In the tradition of peripatetic portraitists, Mimi Vang Olsen travels far and wide to meet her subjects in person.
The diminutive artist travels light, with an aging digital camera, and a small notebook.
Vang Olsen, 73, has infinite patience for her subjects, who often have great difficulty sitting still. And in the digital age of Photoshop and digital postproduction, she paints in subdued hues – but she defies you to call her work kitsch.
Vang Olsen is a pet portraitist.
“A lack of skill and a lack of style -- and to do it in a cliché manner, to do it too cute -- would make it tacky,” Vang Olsen said recently, leaning back in a worn wooden chair at her storefront studio in the West Village.
Dozens of prints from previous paintings hang on the walls. Four wrinkly brown pugs in front of birthday cakes look down from one wall. A calico cat on a rocking chair and a family of poodles stare down from another. Her paintings have the flatness of folk art, but the detail and piercing eyes of a Victorian portrait.
Mimi Vang Olsen in her West Village studio. (Stephen Nessen/WNYC)
“I approach it as if it were a formal portrait of a person or a piece of fruit,” she said. “It could be a still life. And by analyzing the pet’s personality, dog or cat, you can figure out how to do a beautiful portrait.”
Vang Olsen estimates she has painted more than 250 pet portraits in her life, across Europe and America. She insists, in most cases that she meet her subjects and observe them in their natural habitat.
On a recent fall morning, Vang Oslen did just that when she visited stately Stamford, Conn., home of Greg Ohman and Tony Reed, who had commissioned their third portrait from the artist – this one of Tess, their ink black miniature poodle and Rocky, their recently deceased 3-year old poodle.
Heirloom portraits dot the walls inside the 17th Century farmhouse set against a bucolic backdrop – including a few works thought to be from Hudson River Valley landscape painter Thomas Cole.
Paintings of the family’s late poodles -- Vang Olsen’s work -- have a prominent place on the living room wall.
“Her attention to detail is amazing,” said Ohman, 62, a retired businessmen. “She really captures the soul and spirit of the dogs.”
Ohman’s wife, Tony, stood in the house where great great grandparents are on the walls and a bust of her father rests in the living room.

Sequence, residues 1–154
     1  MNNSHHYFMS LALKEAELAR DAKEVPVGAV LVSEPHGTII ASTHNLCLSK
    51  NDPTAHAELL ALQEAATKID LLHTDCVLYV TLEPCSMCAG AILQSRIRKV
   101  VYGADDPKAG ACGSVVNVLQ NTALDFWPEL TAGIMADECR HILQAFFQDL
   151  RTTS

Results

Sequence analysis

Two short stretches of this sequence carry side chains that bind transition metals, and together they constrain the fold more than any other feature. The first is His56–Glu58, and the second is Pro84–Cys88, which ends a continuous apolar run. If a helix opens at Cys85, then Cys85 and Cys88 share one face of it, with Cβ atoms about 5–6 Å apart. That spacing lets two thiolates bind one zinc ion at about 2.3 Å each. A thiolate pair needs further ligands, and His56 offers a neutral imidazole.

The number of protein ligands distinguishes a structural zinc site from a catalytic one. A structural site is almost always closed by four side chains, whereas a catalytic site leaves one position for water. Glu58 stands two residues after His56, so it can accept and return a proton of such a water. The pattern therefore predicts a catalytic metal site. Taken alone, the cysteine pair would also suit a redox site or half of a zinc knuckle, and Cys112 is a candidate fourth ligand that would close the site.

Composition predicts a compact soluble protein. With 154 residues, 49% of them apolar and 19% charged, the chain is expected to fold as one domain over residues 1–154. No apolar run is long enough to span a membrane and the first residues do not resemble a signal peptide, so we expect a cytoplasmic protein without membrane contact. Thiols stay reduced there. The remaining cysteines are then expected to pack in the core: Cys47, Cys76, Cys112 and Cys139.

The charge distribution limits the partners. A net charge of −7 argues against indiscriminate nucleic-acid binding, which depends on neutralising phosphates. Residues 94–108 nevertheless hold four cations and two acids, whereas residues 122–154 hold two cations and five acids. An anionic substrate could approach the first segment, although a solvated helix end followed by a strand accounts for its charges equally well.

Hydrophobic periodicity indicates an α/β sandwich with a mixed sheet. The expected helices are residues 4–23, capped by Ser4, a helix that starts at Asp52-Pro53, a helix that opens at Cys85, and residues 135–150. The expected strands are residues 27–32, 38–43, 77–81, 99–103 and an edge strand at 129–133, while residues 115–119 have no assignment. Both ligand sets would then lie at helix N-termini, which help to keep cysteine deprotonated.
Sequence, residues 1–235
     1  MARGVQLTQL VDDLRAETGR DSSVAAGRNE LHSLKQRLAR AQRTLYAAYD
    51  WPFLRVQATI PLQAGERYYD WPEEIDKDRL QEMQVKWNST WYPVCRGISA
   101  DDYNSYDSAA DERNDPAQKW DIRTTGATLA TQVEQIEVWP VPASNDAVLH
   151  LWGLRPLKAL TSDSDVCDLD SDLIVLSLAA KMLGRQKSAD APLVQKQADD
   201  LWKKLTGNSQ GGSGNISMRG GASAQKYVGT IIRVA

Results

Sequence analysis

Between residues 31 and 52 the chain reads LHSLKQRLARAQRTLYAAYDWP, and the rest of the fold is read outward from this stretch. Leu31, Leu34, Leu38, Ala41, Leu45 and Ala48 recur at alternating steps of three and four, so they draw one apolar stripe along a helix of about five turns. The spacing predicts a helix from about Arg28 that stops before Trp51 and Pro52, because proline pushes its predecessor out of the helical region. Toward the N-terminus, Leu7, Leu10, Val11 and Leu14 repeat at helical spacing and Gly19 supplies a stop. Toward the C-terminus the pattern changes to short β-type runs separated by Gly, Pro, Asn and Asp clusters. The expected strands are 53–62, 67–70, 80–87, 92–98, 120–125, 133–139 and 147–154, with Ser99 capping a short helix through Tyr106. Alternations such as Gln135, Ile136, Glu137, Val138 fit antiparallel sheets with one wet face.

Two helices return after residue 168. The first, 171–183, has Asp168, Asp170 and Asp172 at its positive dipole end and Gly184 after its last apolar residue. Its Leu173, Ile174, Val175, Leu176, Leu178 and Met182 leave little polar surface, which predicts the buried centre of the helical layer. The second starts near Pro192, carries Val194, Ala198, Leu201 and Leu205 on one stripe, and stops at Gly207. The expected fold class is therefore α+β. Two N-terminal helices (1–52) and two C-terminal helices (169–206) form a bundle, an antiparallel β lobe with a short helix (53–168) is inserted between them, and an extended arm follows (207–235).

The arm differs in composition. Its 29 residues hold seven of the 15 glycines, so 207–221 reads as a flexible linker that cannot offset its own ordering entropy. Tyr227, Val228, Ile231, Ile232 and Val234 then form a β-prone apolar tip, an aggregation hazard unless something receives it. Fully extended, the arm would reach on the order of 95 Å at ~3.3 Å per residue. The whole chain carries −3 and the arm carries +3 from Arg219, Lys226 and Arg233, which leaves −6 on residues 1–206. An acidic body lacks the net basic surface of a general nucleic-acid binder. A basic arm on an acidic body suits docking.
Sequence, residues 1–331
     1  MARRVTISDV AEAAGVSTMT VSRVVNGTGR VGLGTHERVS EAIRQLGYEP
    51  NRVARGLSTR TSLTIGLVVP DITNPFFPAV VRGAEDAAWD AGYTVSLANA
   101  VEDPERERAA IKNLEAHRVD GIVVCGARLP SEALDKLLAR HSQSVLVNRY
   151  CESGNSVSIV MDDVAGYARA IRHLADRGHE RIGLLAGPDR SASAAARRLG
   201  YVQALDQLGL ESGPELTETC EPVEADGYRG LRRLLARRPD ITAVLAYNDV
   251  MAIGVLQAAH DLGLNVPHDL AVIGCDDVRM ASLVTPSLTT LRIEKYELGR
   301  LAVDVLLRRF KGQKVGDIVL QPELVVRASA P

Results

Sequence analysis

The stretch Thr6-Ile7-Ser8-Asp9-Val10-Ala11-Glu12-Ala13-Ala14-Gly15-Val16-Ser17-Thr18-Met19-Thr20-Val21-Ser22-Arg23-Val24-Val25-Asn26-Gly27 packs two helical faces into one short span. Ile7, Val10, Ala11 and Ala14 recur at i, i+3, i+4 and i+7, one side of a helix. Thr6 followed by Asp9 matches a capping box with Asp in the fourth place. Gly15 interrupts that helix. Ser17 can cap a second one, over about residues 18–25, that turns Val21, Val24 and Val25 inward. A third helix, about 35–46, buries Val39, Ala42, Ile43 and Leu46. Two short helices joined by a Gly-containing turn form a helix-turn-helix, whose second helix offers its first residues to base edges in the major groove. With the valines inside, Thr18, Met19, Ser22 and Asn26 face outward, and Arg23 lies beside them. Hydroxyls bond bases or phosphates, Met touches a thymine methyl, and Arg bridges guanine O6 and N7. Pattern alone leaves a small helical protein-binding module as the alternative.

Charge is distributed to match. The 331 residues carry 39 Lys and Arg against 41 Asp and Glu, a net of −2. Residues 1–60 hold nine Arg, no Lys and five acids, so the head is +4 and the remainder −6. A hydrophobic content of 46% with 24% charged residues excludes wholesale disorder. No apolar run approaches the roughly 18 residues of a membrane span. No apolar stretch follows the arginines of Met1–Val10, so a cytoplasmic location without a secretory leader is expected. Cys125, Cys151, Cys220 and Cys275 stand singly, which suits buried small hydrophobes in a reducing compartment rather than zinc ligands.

“Our whole house is filled with photographs of family and paintings of family; be they people or dogs because we want to preserve those people and their memory for as long as possible,” she said.
The first painting Mimi Vang Olsen did for Greg Ohman and Tony Reed. (Stephen Nessen/WNYC)
The origins of commissioned pet portraiture can be traced to the 16th Century with the rise of the middle class and persistence of aristocracy, according to Carol Krinsky, a professor of art history at NYU.
Pets however, didn’t make a prominent appearance until the 18th Century, and often as symbols of male virility, as hunting dogs.
“The difficulty of painting people is something that’s difficult enough, but the difficulty of painting pets who don’t necessarily want to sit still and smile for the portraitists it seems to be a harder operation,” Krinksy said.
And Vang Olsen can attest.
Reed feeds her poodle Tess slices of turkey as a reward for a few precious seconds of posing, just long enough for Vang Olsen to grab a snap shot.
“I might use the ears from one, the nose from another, perhaps the lighting is better on the feet in another photograph. The props, their favorite toys, I photograph those separately,” Vang Olsen said.
“People who don’t paint don’t realize how hard it is,” she said.
Vang Olsen has been painting since she was a child and grew up surrounded by artists. Her father, an Armenian immigrant, was a portrait photographer and ran a studio out of their Bronx home. Her mother made knitting manuals. She always painted what was around her, and her earliest painting was of her black and white cat on a red backdrop. Her mother recently found the painting and it hangs in Vang Olsen's studio.
She attended the School of Visual Arts and worked as an art director for 12 years. She married a Dane and moved to Denmark, had two children and then returned to painting.
Her husband stays in Denmark for the winter, and visits the city regularly. One of Mimi’s daughter’s lives with her, as well as her 9-year-old grandson.
Her latest commission, of Tess and the family’s late poodle, Rocky, includes a rope toy, the stream behind their home, a century old tree in the backyard, blossoming hydrangeas and several native birds. As well as the family's 16-year-old daughter and their other poodle in the background. It took about one month to complete the painting.
When Ohman and Reed went to pick up their painting they were in awe. Reed leaned in close to look at Rocky.
"You've brought him back to life for us," she marveled.
Most of Vang Olsen's clients wander in off the street, struck by the paintings in the window of her Greenwich Village studio. Although now, she said she’s on her second generation, painting pets for about six families she met as long as two decades ago.
Van Olsen doesn’t see a huge distinction between painting people or animals. “Pets are people, ask the pet owners, you’ll know, they’ll confirm it, pets are people. But pets are fun, and there’s a market for it in a city like New York, lucky for me, it’s what I love to paint, these sweet, fuzzy, furry little animals.”